The logon effect is easy to explain. There'll be a GPO in effect for all client computers that allows the local logon only to administrators and to that (former, no longer) security group. Edit that GPO or, as Sembee said, first reverse the action.
https://technet.microsoft.com/en-us/library/dn221980%28v=ws.11%29.aspx
-> GPO_name\Computer Configuration\Windows Settings\Security Settings\Local Policies\User Rights Assignment ->Allow logon locally
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Simon Butler (Sembee)ConsultantCommented:
I don't think there will be any drawbacks to changing the group back to Security. The underlying SID should be the same, so the permissions will be in effect again.

It is what I would do, then go looking for how the group is used.
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Keith SchroederAuthor Commented:
Rather than mess with GPO, I just made it a security group again.  It wasn't hurting anything before the change  Thanks again!
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Keith SchroederAuthor Commented:
I know I closed this question... but after changing the blast back to a security group, the issue is not resolved.  not sure what to look for in GPO.  any help would be greatly appreciated.
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McKnifeCommented:
See my links. You can easily find out which gpo to modify if you use rsop.msc on such a client (as admin). Rsop will list the gpo name right in the section that is mentioned in my links. Then, locate that gpo in gpmc and change it, so that also the group domain user may logon locally.
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Keith SchroederAuthor Commented:
McKnife,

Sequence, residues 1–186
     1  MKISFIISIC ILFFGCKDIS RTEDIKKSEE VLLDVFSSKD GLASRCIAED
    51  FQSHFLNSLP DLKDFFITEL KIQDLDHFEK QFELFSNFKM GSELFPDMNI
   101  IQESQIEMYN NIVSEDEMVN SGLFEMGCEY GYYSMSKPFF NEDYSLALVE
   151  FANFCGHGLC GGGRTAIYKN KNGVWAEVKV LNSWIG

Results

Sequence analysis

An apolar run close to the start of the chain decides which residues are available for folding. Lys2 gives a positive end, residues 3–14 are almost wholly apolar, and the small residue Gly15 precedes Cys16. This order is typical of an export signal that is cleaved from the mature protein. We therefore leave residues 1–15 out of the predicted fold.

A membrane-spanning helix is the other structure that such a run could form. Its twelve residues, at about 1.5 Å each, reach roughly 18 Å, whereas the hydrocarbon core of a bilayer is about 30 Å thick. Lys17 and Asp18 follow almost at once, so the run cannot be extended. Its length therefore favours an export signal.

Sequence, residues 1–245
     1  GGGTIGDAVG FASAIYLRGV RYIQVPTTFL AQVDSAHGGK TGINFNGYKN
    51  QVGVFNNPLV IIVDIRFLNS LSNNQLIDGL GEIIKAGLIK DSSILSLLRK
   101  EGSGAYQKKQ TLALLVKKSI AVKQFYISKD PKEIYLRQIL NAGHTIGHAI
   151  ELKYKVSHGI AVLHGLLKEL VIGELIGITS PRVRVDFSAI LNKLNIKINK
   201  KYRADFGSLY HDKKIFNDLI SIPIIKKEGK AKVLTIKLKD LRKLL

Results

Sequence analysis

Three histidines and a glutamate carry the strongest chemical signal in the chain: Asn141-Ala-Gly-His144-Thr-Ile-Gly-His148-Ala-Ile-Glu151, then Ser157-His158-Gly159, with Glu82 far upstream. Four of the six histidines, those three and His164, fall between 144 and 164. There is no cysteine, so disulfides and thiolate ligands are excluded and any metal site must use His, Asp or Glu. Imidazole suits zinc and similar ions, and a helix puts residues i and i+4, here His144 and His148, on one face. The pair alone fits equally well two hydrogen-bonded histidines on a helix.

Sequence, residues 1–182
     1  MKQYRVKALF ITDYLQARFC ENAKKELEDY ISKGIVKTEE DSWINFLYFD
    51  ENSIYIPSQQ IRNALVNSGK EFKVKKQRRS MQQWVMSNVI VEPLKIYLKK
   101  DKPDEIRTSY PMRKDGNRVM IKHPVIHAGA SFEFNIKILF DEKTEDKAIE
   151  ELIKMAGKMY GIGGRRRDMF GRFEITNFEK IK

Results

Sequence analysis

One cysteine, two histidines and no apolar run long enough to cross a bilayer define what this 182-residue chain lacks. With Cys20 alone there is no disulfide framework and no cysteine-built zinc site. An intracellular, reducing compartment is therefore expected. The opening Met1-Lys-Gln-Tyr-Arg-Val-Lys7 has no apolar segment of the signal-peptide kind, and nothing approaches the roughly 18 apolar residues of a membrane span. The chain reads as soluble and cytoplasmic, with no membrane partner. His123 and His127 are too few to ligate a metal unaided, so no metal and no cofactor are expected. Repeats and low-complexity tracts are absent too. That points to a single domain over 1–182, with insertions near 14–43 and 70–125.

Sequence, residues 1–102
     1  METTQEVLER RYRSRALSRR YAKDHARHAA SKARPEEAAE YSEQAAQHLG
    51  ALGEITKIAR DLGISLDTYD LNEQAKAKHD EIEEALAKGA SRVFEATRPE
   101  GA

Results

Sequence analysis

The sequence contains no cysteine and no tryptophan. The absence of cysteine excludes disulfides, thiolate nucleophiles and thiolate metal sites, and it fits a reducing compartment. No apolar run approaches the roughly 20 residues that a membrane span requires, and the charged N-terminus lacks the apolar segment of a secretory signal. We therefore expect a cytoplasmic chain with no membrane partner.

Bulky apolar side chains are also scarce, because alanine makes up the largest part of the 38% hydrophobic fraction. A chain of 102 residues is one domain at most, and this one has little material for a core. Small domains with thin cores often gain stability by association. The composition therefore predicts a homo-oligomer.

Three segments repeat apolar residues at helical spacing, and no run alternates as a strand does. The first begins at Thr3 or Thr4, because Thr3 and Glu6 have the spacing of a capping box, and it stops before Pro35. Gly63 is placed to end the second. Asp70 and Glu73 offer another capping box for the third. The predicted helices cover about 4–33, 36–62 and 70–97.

I found what you were talking about but I still have a couple of questions.  Am I editing this on my primary domain controller or does it have to be done on every computer affected?  Also, when I got to that policy on my DC, options to modify it were grayed out even though I am logged into the DC as the administrator.  What could be causing that?
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McKnifeCommented:
You need a crash course in GPO.
You should proceed like this:
As admin, open rsop.msc at a client and in the results navigate to where I mentioned:  Computer Configuration\Windows Settings\Security Settings\Local Policies\User Rights Assignment ->Allow logon locally
On the right hand side of that setting, you'll see a column "origin or GPO Name" which will list the GPO that contains the setting we are talking about. Equipped with that name, logon to a DC and open the group policy management console ("GPMC"). List the GPOs and edit that very GPO. In that section (again:  GPO_name\Computer Configuration\Windows Settings\Security Settings\Local Policies\User Rights Assignment ->Allow logon locally) and add the group domain users.